By Dr. Michele Dikkers, Physician at Cornerstone Family Practice and GMHC, Chair of Clayton County Board of Health
Sometimes words can mean two different things, depending on context and perspective. Reaching back to 5th grade English class, and a little help from my husband, I am reminded that these words are called homographs.
May Day! May 1st, the beginning of spring!
May Day! I need help!
This year it seems to mean both, not one or the other. One minute we are celebrating Spring! The grass is turning green, the flowers are blooming, the birds are singing and migrating, we are dusting off the grills and we are opening up the windows and letting in fresh air.
But our reality is we are stuck at home, limited to traveling to the grocery store and back. We are surrounded by the same four walls, the same people, the same TV stations. We are eating the same home cooked meals with limited carry out, getting tired of our own cooking. We are wearing masks, knowing that they are important to wear, but feeling claustrophobic. We are worrying about who will become ill or if it will be us.
Cabin fever at its peak!
Fear, stress and anxiety. What a trio. We typically look forward to spring because it naturally helps treat these issues by allowing us to open the doors and spread our wings. COVID-19 has clipped our wings. Now what do we do?
There are a number of ways to self manage stress and anxiety at home. Lets start with the taking a deep breath and know that you are not the only one with these feelings. Everyone has these thoughts and fears. So what do we do about them?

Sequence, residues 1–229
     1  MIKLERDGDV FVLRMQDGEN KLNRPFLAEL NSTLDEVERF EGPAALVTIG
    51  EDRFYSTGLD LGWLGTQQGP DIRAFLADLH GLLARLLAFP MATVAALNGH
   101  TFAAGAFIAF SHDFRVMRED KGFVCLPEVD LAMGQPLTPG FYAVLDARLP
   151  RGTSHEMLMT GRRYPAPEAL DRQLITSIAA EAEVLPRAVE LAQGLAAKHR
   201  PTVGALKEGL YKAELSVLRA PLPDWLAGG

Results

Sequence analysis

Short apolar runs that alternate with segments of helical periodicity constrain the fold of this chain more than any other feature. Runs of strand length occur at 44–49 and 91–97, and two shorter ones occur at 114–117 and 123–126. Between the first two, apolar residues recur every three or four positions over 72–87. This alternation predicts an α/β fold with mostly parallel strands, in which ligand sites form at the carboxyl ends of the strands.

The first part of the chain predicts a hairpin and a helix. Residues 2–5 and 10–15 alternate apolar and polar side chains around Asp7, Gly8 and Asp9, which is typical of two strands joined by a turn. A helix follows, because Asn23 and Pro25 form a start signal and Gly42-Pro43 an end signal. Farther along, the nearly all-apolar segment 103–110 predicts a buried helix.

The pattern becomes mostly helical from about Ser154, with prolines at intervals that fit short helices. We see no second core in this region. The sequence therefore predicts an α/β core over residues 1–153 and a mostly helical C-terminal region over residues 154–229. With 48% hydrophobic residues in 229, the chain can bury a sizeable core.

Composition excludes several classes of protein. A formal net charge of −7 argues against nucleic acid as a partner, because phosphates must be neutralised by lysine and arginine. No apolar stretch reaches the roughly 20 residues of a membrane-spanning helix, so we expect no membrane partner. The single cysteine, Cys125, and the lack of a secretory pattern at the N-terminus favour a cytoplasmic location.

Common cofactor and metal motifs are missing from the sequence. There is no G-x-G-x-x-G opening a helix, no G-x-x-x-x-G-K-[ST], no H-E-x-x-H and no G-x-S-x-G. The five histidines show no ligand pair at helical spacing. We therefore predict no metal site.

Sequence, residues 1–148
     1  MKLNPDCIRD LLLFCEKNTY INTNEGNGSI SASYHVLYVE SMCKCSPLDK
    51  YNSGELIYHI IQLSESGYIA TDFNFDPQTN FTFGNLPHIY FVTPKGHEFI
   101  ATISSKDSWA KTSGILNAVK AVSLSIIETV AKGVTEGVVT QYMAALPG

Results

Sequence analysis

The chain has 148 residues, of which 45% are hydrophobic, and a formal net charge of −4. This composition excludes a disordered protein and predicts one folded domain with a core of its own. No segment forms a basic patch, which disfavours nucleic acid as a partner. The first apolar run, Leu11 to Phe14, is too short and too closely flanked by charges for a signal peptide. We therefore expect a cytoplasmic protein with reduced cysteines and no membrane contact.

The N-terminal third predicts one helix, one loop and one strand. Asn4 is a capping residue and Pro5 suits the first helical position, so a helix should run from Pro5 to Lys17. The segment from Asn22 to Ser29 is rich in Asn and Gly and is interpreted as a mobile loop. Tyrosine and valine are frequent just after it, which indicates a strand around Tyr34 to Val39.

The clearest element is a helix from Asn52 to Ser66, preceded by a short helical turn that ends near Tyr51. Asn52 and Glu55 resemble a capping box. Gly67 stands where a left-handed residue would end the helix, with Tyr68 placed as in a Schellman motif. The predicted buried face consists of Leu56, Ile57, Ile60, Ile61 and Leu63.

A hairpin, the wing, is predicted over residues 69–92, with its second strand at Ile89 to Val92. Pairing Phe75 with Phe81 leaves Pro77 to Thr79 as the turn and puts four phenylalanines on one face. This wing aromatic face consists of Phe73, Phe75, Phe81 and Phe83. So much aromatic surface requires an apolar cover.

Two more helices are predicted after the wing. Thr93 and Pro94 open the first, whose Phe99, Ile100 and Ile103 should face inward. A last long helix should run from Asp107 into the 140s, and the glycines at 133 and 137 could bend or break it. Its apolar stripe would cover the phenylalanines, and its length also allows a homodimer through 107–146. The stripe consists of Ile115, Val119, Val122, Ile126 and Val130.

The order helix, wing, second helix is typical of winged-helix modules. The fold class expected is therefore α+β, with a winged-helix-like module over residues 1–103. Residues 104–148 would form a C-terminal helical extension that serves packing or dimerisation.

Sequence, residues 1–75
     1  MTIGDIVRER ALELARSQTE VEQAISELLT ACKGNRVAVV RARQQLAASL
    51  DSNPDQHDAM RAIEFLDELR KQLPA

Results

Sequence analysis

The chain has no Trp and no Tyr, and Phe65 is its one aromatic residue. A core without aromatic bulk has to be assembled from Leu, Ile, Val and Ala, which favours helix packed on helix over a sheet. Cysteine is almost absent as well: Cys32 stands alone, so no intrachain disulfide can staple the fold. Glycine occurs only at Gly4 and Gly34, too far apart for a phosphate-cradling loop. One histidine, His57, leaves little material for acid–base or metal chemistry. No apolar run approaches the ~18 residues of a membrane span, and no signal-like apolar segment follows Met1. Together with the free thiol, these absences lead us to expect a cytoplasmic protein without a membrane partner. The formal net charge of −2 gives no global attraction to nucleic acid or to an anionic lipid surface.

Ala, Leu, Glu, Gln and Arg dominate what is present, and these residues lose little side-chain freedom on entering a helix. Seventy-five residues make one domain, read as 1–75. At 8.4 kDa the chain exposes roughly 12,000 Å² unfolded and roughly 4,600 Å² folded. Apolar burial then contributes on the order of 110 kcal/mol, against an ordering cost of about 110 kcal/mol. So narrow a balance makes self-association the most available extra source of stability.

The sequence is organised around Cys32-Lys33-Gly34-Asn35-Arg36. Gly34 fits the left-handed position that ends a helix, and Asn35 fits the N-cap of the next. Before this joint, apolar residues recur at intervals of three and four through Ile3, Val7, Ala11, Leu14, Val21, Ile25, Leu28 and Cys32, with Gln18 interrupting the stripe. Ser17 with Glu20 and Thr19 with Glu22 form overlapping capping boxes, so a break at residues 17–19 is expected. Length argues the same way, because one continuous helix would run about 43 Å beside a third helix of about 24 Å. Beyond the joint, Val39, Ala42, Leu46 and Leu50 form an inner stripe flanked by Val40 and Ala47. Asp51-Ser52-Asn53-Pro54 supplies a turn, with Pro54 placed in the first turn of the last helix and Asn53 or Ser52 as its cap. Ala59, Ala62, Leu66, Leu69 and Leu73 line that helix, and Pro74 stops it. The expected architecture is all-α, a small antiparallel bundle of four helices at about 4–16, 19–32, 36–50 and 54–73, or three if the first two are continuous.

Management of anxiety and depression starts with a plan.
- Develop a daily routine or schedule.
- Eat healthy, nutritious meals
- Keep a healthy sleep routine, get 8 hours of sleep a night
- Exercise daily
- Find a daily meditation or reflection
- Keep a daily journal or diary
- Find a family activity, even if it is just eating supper at the table together every night, preparing, cooking and clean up time together.
- Call or connect with one or two people each day. Reach out to a family member or friend by phone or social platform
Connecting during this time with your primary care provider can also be beneficial. They want to partner with you on all levels of your health. Call his or her office, make an appointment (telemedicine is a great option). Keep in touch with a support group or your therapist.
We can get through this, one day at a time.
We are in this together.